Connecting Endowment Donor and Scholarship Recipient

"Just imagine, there is someone out there who has never met you, and yet, they believe in you and want to support you in your education."

This was the reaction of Brandon Kerns, recipient of the John A. and Annice B. Nanninga Endowment Scholarship, when he was presented with the opportunity to meet the daughters of the late Mr. and Mrs. Nanninga, Beth Grijalva and Ann O'Toole.

Brandon, a native of The Woodlands, experienced intense family turmoil in 2013, during his senior year at The Woodlands College Park High School. As a result, he did not receive his diploma and worked for a year in a minimum-wage job.

"I realized I didn't want to work for minimum wage for the rest of my life, and basically, I took ownership of my life and my future, and I enrolled at Lone Star." Brandon is now a freshman in the Honors College, with dreams of eventually earning his master's degree in environmental science. Says Brandon, ""I dream of educating our country and other countries on ways to utilize resources, to start processes in a more 'green' manner in the first place, for long-term benefit. I want to contribute to and change the world in some way with my environmental science background and solutions."

John A. and Annice B. Nanninga Endowment Scholarship

Naturally, Brandon was very curious about his benefactors, Mr. and Mrs. Nanninga, and Beth and Ann were interested in meeting a student their parents' endowment was helping. The endowment is especially meaningful to Beth and Ann, as well as their brother Thom Nanninga who was unable to make the meeting, because it was started by their father to honor their late mother and the work of both parents in getting the state legislature's and voters' approval necessary to create North Harris County Junior College - which expanded and evolved into Lone Star College.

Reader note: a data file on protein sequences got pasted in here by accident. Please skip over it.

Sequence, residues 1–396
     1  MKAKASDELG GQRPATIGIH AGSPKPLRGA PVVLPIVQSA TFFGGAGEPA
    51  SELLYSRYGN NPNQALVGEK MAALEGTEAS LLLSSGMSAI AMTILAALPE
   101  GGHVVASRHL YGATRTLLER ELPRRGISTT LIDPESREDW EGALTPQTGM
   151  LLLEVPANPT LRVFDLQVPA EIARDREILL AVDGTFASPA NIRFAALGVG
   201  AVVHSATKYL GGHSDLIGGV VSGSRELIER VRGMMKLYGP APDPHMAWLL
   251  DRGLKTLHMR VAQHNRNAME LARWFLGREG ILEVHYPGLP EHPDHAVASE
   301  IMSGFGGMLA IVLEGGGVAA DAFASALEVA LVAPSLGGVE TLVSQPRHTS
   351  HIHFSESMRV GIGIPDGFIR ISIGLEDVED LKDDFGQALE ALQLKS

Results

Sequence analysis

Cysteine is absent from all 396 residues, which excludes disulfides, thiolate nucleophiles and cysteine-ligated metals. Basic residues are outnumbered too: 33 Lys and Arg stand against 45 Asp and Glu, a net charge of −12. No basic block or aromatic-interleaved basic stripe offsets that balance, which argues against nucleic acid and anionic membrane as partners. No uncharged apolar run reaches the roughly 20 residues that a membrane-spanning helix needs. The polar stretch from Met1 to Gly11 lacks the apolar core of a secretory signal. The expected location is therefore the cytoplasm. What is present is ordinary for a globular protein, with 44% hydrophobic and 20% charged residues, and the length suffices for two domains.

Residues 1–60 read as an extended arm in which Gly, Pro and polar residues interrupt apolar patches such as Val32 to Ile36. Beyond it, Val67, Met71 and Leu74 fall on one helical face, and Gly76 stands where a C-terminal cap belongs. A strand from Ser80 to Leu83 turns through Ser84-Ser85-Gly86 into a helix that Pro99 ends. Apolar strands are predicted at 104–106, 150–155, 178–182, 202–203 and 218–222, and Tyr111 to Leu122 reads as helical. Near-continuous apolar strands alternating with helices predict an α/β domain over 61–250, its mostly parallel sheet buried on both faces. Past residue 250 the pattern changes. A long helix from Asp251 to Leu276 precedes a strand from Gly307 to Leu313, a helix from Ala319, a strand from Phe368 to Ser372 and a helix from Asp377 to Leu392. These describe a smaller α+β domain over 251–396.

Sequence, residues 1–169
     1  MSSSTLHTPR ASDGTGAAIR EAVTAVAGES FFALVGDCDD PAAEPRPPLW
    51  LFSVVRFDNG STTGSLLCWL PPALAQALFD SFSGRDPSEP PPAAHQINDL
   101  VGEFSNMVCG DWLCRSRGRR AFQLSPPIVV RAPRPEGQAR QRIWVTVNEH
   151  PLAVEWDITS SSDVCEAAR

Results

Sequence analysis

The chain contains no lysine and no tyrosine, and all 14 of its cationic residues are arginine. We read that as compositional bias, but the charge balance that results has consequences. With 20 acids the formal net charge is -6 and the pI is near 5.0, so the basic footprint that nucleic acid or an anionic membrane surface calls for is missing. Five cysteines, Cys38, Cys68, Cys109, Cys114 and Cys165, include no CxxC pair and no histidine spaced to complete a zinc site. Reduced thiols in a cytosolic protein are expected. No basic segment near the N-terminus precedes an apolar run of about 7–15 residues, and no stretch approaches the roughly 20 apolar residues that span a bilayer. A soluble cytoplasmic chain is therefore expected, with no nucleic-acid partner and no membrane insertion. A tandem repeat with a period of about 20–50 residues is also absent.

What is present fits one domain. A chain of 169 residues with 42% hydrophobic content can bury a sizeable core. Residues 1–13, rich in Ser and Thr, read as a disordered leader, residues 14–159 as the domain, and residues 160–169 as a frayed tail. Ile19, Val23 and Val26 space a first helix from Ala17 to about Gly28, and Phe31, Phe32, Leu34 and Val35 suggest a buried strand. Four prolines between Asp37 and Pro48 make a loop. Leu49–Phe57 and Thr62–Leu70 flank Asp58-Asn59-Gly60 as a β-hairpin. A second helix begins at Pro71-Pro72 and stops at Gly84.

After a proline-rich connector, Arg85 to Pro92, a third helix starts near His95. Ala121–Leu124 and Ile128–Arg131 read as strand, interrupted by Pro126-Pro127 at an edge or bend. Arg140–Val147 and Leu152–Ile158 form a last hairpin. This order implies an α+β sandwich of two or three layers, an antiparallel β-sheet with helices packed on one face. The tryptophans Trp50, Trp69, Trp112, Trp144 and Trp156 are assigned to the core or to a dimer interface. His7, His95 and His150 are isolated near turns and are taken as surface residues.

As Thom said by phone, "The area was growing and they saw the need." "Dad was very pleased and proud of the asset Lone Star College has become for the entire community," said Beth. It was great to get a student's perspective as well.

Brandon explained that, initially, Lone Star was his college option because it was local and it was affordable.

"We understand taking a different path to get through college,' said Ann. "Some people know exactly what they want to do, and some people don't."

"It's a journey, and that is all part of the growth and maturity process," added Beth.

But Brandon found Lone Star College to be more than he'd hoped for.

"I fell in love with Lone Star," says Brandon. "Growing up I knew I had a knack for school, but I really learned to love school at Lone Star. For example, I didn't know how much I love history! But Dr. Livingston is making me love history, and this summer I spent so much time seeking out civil war sites every chance I got."

For the Nanninga family, meeting Brandon and other scholarship recipients has proven that the endowment their father began and they expanded when he passed, was the perfect tribute to their parents.

"We didn't do this for recognition," explained Thom. "We did it to honor their involvement in the vision and formation of what is now Lone Star College. We did it to continue the way they would see someone was working hard and struggling and give them a leg up."

John and Annice believed in working hard, improving yourself and improving your community. They enjoyed helping others reach those goals. Beth and Ann recalled when their father helped his sister, a single mother who had put four daughters through college, pay tuition for one of the girls to go to graduate school. "This is not a loan. I don't expect to be paid back. All I ask is that they help others when they can," he told them.

The scholarship endowment at Lone Star continues that legacy. "What's amazing," Beth said, "is that for less than the cost of a single semester at a private university, the Lone Star College Foundation allows you to make an endowment that will give a student the ability to continue their studies and then continues that gift year after year. It doesn't take millions of dollars to change a life. Lone Star makes is easy to give, and meeting Brandon and other students makes it a pleasure."

"Well, I hope to pay it forward, just like your parents did," Brandon replied before heading off to his next class.

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